I disagree with burning the tag. From the four criteria to burn a tag:
- Does it describe the contents of the questions to which it is applied? and is it unambiguous?
Yes. A crash means that the software exited in a dramatic and unexpected way. Normal use of the word doesn't have any other meanings.
- Is the concept described even on-topic for the site?
Because crashing relates to software, it is on-topic here, assuming they are fixing a crash through programming, not using software.
- Does the tag add any meaningful information to the post?
No. The title or body should tell you that the program is crashing. Adding this tag just repeats that information.
- Does it mean the same thing in all common contexts?
The only other meaning I can see used for the tag would be with a simulation, like a car crash. However, I still feel that the term is very unambiguous, even when combined with other tags.
#3 has a great reason for removing the tag, but I still feel that the tag is so widely used and is not causing active harm that it should not be important to remove it.
I'd just like to remind everyone that there is a difference between a bad tag and a tag that should be burned. I fully agree that [crash] is a bad tag. However, right now it has 9,300 question and doesn't seem to cause any wide-spread harm.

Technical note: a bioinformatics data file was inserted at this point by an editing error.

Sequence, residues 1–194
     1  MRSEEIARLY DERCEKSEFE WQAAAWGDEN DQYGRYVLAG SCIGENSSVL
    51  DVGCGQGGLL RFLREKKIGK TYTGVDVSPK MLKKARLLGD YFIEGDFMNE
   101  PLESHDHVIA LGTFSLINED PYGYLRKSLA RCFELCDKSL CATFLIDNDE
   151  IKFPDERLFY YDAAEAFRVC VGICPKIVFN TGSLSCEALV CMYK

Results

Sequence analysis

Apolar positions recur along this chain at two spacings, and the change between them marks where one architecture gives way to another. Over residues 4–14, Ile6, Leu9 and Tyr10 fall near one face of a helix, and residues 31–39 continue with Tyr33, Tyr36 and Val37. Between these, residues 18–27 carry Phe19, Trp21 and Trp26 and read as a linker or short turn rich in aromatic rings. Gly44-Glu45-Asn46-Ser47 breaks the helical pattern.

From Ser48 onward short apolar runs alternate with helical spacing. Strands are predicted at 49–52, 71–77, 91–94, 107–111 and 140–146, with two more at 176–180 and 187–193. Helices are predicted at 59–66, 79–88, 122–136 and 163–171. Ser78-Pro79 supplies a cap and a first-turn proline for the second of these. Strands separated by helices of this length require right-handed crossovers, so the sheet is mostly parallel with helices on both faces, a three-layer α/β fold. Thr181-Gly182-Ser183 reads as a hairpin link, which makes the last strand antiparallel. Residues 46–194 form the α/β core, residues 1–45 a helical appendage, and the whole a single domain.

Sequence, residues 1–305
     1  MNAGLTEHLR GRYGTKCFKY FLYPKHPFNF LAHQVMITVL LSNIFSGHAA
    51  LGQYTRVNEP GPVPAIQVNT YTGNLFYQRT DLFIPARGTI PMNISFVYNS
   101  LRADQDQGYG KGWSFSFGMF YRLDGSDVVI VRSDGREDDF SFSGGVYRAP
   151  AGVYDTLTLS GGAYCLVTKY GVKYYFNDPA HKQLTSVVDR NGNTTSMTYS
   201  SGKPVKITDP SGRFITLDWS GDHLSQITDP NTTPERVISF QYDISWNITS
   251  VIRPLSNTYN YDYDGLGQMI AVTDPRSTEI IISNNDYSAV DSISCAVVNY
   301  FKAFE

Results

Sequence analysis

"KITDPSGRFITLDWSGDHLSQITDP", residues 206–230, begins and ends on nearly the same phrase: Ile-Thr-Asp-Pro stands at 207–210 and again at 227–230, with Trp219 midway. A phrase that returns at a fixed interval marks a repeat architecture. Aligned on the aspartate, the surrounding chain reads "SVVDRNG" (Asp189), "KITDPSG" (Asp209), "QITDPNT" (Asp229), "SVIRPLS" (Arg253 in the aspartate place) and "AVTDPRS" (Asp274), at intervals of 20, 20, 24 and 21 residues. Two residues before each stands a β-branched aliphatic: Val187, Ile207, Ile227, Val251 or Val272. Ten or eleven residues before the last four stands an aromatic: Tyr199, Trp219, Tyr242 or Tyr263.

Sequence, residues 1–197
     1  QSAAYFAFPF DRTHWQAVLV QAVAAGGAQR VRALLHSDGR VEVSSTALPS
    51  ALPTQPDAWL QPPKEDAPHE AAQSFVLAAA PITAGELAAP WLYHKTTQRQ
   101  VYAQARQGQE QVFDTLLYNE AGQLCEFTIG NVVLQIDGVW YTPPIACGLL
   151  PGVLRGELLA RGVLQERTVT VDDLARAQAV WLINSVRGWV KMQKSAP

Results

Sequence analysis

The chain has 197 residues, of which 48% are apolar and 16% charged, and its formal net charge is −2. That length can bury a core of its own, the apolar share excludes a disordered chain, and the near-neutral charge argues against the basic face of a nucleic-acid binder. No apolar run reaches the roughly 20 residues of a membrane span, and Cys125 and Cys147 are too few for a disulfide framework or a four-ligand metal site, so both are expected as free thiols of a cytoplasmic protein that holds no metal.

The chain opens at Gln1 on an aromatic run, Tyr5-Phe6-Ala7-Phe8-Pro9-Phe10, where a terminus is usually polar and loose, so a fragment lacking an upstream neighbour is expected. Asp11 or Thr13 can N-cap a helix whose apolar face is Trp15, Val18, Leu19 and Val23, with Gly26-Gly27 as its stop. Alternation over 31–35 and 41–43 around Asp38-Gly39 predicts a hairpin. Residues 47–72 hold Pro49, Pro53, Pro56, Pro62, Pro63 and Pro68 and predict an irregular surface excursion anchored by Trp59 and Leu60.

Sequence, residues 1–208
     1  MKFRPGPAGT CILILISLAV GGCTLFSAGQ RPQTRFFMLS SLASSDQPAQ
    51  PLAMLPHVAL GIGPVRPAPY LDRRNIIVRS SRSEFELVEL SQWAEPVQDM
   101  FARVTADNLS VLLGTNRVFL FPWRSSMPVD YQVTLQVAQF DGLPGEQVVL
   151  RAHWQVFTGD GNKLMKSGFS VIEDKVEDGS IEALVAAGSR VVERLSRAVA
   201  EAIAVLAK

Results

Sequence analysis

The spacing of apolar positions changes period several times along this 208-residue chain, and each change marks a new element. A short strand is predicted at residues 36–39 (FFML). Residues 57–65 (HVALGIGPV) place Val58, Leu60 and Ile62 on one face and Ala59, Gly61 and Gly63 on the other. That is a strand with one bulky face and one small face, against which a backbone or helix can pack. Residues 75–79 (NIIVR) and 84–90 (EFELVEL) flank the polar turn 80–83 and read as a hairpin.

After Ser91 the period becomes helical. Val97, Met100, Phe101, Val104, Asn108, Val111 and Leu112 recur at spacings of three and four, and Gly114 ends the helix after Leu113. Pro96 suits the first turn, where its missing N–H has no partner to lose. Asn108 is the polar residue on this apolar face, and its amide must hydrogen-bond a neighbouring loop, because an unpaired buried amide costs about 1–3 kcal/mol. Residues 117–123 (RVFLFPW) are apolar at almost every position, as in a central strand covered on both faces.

How many tag burninations have you personally participated in? software-engineering had only 1,800 questions. The bulk of the work took 48 days.
Software Engineering was a tag causing harm to the site by allowing off-topic posts, and only had a relatively small number of posts. This is the sort of tag the community can handle.
There are a lot of tag burnination requests. 721 of them. 25% of them have been marked "completed".
This is a topic for a larger discussion, but there needs to be an understanding that it's very easy to make a burn suggestion, but very hard to follow through with it.
[crash] is not the tag that the community should spend effort to burn.